A Deeper Look at Relationship Talk...

If you want a full-of-respect, caring relationship, try this full-of-caring, respectful talk with anyone in your circle that you care about. It's especially important with your intimate partner.

1. Be PRESENT.

When you're "present" to the other person, your behavior says, "I commit my time and energy to you, not only when life is calm and we're happy, but also when there's a problem or a crisis in your life. I'm here because I want to be.”

I bet you’ve noticed that you can actually see when a person is "present" and when he isn't. Vacant, glazed-over eyes tell you when a person is "gone." And, your partner can "see" when your body is there but you aren't. So concentrate. Focus. Be intent on connecting. Be "with" your partner when he speaks. Your goal is to deeply know him. Your goal is to create trust.

Of course, you can expect the same wonderful, healthy treatment from your partner.

2. Be GENUINE.

Being genuine means that you are openly sincere. Genuineness shows that you are comfortable enough with yourself that you’ll risk letting him really know you.

Of course, you can’t disclose yourself if you don’t really know yourself. So, practice introspection. Get to know your own feelings, thoughts, needs and wants. Then, you can honestly share.

Strive to be defenseless, even though it can be difficult. (This is so important!) Many defenses form by five years old, just as our personal beliefs do, so they may come up automatically without you realizing it. Learn to tune in—to yourself.

Expect the same care from your partner: he should strive to be genuine and without defenses. Anything else from him promotes suspicion, and eventually, you’ll feel lonely and separated.

3. Listen OPENLY.

When someone listens to you fully, you see it and feel it in the other person's caring, understanding expressions. When you are the listener, do the same: show the other person that you’re focused. You can do this through attentive body language, by using an inviting tone of voice and empathetic facial expressions. Do these sincerely because you actually feel them. This kind of openness is one of your best allies in relationship because your partner relaxes with you. It promotes trust.

Be OPEN to hear what your partner is saying. Don’t judge or criticize; they’re destructive.

You can expect non-defensive, open listening from your partner, too. In responsible healthy relationships, each of you willingly gives and each of you receives.

4. Listen ACTIVELY.

When you actively listen, you literally suspend your own thoughts and feelings. You give yourself over to understanding your partner: not just hearing the words, but listening for the meaning. People aren't always able to say what they mean in exactly the right words. You must listen for "what does this person really mean?" To grasp the message: try to identify the feelings your partner is having and sharing, as well as the thoughts and experiences he's telling you about. If you're unclear about his meaning, ask him. Refuse to be judgmental; refuse to make assumptions.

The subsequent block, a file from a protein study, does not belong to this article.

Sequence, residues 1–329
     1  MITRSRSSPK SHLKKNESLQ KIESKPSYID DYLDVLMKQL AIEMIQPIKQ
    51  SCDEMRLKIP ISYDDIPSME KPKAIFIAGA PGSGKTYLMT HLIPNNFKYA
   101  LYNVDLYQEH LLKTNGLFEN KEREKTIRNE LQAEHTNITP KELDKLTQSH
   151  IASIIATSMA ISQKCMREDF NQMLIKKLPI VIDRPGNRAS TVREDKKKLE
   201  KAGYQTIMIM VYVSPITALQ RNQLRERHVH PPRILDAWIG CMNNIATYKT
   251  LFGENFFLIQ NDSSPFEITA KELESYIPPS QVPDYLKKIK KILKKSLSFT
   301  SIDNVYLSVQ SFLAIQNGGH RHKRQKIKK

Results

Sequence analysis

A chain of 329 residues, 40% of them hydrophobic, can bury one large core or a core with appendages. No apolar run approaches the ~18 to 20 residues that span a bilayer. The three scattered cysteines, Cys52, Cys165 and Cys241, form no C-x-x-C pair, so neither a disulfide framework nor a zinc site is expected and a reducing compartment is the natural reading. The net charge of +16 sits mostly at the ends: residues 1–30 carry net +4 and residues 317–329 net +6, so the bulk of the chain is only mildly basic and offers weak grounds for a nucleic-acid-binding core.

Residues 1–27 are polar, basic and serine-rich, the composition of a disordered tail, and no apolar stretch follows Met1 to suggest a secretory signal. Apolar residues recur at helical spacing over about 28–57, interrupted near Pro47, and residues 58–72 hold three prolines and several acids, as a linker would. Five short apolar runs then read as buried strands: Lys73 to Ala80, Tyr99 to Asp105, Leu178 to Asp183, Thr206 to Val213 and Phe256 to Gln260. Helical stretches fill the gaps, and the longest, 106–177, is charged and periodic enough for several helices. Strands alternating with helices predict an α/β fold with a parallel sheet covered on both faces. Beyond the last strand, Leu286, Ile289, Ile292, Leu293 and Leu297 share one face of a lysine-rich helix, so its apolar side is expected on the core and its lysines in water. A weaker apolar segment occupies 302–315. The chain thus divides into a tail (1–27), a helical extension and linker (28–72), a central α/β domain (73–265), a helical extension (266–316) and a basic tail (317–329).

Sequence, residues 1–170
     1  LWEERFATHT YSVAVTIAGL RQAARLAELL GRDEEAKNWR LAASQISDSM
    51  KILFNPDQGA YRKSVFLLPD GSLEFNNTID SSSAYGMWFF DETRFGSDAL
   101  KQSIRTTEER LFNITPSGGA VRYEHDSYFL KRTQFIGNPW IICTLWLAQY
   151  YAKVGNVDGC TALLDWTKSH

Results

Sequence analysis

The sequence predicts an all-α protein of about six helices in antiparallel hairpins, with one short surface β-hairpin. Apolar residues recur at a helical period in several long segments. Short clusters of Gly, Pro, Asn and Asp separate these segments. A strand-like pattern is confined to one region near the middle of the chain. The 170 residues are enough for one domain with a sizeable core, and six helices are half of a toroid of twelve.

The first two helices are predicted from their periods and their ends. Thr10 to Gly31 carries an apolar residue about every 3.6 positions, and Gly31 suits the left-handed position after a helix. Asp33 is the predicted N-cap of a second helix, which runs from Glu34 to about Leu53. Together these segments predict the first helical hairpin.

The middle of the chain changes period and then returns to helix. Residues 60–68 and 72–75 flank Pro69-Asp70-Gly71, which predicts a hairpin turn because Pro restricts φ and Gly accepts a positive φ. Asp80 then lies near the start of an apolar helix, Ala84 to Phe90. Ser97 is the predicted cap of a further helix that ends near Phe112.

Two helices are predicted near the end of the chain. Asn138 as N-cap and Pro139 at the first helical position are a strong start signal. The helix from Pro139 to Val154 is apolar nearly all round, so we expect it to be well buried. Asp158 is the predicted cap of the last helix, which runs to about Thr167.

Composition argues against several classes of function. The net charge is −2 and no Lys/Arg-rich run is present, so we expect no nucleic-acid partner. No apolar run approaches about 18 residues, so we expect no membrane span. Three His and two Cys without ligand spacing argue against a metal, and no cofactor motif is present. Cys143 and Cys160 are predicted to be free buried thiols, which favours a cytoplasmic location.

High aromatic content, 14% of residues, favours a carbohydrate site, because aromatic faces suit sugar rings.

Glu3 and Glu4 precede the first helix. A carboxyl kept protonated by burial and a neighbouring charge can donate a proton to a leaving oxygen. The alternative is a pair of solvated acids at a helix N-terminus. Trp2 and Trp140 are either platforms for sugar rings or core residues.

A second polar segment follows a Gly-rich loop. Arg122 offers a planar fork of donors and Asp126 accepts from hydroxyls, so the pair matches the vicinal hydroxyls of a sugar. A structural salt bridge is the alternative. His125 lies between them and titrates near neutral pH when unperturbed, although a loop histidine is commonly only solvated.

You, too, should expect deep, active listening from your partner. In a loving, respectful relationship, both people give and both receive.

5. INVITE The Other Person.

You're interested in the other person; so you ask him about himself. Then, ask him to explain anything that you didn’t understand. You don’t judge, assume, guess, remain silent, or do anything that shuts down talk between you.

Then, it's your turn. He should be interested and listening carefully, but asks you to explain anything that he doesn't understand. In other words, you have a respectful exchange, aimed at "getting it clear," understanding it, whatever "it" is. Your behavior shows that you want to strengthen your relationship. You invest in each other. Neither of you competes.

6. NO Problem-Solving.

Unless your partner asks you to, don't tell him how he can "fix" it, whatever “it” is. Maybe you're so anxious to help, you start "telling" instead of listening. Maybe you think you see the subject more clearly and conclude that your answers are the best thing you can give your partner. Not so.

The truth? Your partner can probably solve his own problems. What he wants from you is your attention and focused listening. Why? Then he feels valued, taken in and supported while he figures it out for himself.

When your partner's finished talking if you think you have a great solution that hasn't been mentioned, ask him if you can make a suggestion. But, tell him that he can refuse if he isn't interested. And mean it. Maybe he only wanted to vent.